My consideration of Gwyneth Lewis’s collection of poetry, ‘Treiglo’ for the Cardiff Review. A first-rate book in content and also in design,achieving a striking coherence in all respects. Continue reading My review of ‘Treiglo’ for Cardiff Review
I’m delighted that my short story ‘The Bangle’ is on the shortlist for the Write By The Sea Festival Competition.
I had three stories shortlisted for this last year. I messed up the payment process and ended up with 3 entries. The administrator for the Festival was impressively patient with my ham-fistedness and when I saw that all three stories had made the shortlist I was initially convinced that it was because I had somehow made another mistake!
As I like the sea theme, and since the Festival seems to be such a properly human enterprise, making allowances for the likes of hames-makers such as mysef, I wrote one for this year’s round. Hence my especial delight at making the shortlist again.
I very much enjoyed writing the story.
The Festival programme looks really good, with writers such as Paula Meehan, Kit de Waal and Éilís Ní Dhuibhne.
The Prorogation of Parliament
That day when the wedding guests exploded;
That day when I let a wee girl ricochet
From and towards her mother’s spew of blame;
That day I didn’t shelter
A railway worker from a racist shower …
Some close at hand, some far.
Kabul or Coleraine station, the same acid rain.
That day in Coleraine station when I witnessed
The airiness its architect enticed inside;
A guard whose smile kept all our doors ajar
And, in town, a window of bottles,
Wittily displayed — such light-filled things.
These close at hand. In far
Kabul or Coleraine station, the same inherent shine?
Today, when democracy exploded,
I was tread-milling for an email thrill
When I caught the acrid taste of tipping-point.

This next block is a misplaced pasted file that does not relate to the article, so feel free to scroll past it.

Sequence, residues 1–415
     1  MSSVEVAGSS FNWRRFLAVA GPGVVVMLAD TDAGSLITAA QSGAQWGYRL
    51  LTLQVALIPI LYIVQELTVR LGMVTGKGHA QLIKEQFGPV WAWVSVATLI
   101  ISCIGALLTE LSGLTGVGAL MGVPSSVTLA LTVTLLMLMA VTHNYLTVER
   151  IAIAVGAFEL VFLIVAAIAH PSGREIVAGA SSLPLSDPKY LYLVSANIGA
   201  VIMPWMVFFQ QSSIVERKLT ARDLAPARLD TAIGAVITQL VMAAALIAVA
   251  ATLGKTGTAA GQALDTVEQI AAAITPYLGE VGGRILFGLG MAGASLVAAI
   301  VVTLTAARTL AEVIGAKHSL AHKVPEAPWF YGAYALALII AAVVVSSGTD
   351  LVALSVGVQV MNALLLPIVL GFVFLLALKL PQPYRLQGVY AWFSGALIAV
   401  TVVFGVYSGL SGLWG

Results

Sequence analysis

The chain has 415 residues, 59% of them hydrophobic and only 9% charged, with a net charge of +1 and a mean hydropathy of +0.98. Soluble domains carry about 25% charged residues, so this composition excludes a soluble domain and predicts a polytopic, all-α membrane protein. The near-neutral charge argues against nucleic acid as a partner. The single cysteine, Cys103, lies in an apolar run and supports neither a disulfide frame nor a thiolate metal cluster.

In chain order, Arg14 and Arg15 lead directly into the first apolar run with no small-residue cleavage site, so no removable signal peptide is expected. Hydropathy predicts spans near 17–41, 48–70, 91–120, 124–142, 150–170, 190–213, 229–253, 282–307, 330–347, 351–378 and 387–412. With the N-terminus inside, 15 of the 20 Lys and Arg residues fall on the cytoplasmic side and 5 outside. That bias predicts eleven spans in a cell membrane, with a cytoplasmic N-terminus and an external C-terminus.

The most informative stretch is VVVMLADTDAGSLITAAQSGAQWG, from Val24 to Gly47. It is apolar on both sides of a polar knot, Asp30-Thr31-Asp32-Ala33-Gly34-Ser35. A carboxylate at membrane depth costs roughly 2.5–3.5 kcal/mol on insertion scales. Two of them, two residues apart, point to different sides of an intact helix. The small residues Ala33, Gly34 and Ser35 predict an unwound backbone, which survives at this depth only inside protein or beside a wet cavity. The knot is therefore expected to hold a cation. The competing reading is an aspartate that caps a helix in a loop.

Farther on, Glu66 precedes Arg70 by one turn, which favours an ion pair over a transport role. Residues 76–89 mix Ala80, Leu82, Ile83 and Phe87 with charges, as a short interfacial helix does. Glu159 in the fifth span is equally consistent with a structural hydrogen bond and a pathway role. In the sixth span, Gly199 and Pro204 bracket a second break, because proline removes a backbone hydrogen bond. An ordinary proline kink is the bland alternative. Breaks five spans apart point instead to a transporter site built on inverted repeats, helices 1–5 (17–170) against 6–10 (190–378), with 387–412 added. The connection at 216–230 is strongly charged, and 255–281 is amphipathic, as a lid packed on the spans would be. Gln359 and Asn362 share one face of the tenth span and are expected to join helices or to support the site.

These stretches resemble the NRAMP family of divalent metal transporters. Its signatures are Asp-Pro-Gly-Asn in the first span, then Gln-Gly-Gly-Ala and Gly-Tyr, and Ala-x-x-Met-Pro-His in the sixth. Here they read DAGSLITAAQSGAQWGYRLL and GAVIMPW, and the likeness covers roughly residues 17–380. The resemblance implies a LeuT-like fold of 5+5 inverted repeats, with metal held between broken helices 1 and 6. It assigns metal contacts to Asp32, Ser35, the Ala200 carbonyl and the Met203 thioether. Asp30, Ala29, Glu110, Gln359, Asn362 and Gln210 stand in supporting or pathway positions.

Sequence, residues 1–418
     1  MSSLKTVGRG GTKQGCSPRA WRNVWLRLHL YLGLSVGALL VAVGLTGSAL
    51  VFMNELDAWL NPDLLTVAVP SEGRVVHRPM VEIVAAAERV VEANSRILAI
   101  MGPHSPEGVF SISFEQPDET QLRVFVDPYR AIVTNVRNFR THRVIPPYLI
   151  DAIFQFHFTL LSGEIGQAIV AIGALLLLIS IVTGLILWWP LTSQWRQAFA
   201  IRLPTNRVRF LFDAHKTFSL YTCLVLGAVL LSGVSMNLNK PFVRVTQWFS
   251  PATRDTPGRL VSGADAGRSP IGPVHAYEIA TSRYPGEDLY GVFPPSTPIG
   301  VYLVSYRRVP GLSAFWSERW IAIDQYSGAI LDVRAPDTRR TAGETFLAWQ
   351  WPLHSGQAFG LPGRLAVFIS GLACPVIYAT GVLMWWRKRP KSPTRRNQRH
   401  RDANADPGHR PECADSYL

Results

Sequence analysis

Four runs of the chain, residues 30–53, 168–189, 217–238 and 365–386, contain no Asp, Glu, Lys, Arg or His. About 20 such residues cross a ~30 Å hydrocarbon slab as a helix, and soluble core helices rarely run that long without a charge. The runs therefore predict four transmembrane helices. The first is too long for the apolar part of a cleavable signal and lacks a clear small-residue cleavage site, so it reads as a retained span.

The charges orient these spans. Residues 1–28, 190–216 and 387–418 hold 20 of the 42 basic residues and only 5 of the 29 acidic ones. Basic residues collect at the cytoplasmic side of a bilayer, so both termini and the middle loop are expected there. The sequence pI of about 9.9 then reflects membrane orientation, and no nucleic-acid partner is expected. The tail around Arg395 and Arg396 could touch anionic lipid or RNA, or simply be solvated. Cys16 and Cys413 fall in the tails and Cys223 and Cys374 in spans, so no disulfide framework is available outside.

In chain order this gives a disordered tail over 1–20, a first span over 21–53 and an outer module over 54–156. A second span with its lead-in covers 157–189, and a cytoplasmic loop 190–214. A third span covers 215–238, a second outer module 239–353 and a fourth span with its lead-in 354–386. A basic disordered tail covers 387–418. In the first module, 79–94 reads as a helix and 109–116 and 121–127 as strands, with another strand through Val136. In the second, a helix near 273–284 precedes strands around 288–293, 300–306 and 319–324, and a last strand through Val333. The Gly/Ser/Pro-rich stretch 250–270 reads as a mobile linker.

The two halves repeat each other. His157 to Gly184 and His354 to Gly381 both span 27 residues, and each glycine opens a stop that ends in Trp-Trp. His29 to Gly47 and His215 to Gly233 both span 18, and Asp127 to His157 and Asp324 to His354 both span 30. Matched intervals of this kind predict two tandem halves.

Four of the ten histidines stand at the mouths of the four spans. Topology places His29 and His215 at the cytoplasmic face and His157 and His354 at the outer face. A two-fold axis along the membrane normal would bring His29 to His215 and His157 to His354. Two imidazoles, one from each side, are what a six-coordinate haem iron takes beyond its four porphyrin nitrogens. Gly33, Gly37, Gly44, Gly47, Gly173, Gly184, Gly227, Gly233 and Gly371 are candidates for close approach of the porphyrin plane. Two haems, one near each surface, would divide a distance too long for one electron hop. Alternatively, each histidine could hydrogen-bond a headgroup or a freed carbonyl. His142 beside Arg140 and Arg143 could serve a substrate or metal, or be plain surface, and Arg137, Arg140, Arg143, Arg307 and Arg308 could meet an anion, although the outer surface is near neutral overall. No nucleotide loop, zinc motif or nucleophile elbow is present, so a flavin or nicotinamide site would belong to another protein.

In the rank mulch of small misdeeds
The great ones grow. Wake up, wake up, my soul.
Some close at hand, some far.
Kabul, Coleraine, the Commons, I must reach those I can.
It was an inspiring theme from Matthew C. Smith, editor – the 50th anniversary of the Moon Landing to be dealt with in no more than 10 lines in an imagistic style. I wrote Moon, Landing from the perspective of the moon coming to earth rather than humans going to the moon. See Broadside 5. Black Bough Poems
On the same theme I also wrote a poem in Ulster Scots which will be in #9 of The Bangor Literary Journal, launching August 18th and First Death of The Troubles, occurred 14th July 1969 about the context of the Moon Mission in Northern Ireland – this is on my website.
This is a week of momentous anniversaries, of the Moon Landing and also of a significant escalation of unrest in Northern Ireland, including two deaths in controversial circumstances.
The call-out for poetry for Issue 2 of Black Bough Poetry, for Imagist poems on the theme of the Apollo mission, prompted me to write three poems (one in Ulster Scots). One of these, ‘Moon, Landing’, is in the issue and another is here below. I wanted to consider the context in which I experienced the Moon Landing, and anniversaries which make us reflect on progress and also how we deal with memories, and with events, resolved or unresolved. Continue reading A Telling Week: 50 Years On
I am so thrilled that the poet, Glen Wilson has chosen to mentor me for a year. The aim is to compile a collection.
Glen’s collection An Experience on the Tongue has just come out from Doire Press. He won the Seamus Heaney Award for New Writing in 2017.
This amazingly generous initiative was sparked by Matthew C. Smith of Black Bough Poetry.
I’m particularly pleased that it is a poet from Northern Ireland and a poet from Wales who have been instrumental in giving me this wonderful gift as I have a project on Writing in Wales and Northern Ireland with the Centre for the Study of Media and Culture in Small Nations at the University of South Wales.
On June 9th, at the Belfast Book Festival, I had the great pleasure of reading at the Northern Irish launch of The North issue 61, devoted to contemporary Irish poets. It was edited by Nessa O’Mahony and Jane Clarke. I read my poem A Northern Irish Wife to a Northern Irish Catholic Priest. Continue reading Reading at the Belfast Book Festival
March 18th 2019 is the hundredth anniversary of the birth of Welsh novelist, Menna Gallie. She wrote one of the very first novels to engage with the Troubles: You’re Welcome To Ulster.
Set in 1969, it was published by Victor Gollancz in 1970. It is a fascinating double perspective on political agitation in both Wales and Northern Ireland written by a Welsh-speaker who had swiftly got under the skin of Northern Irish society.
Honno Press has re-issued four of Gallie’s novels and this month there is a 25% reduction on their price , using the code mg100.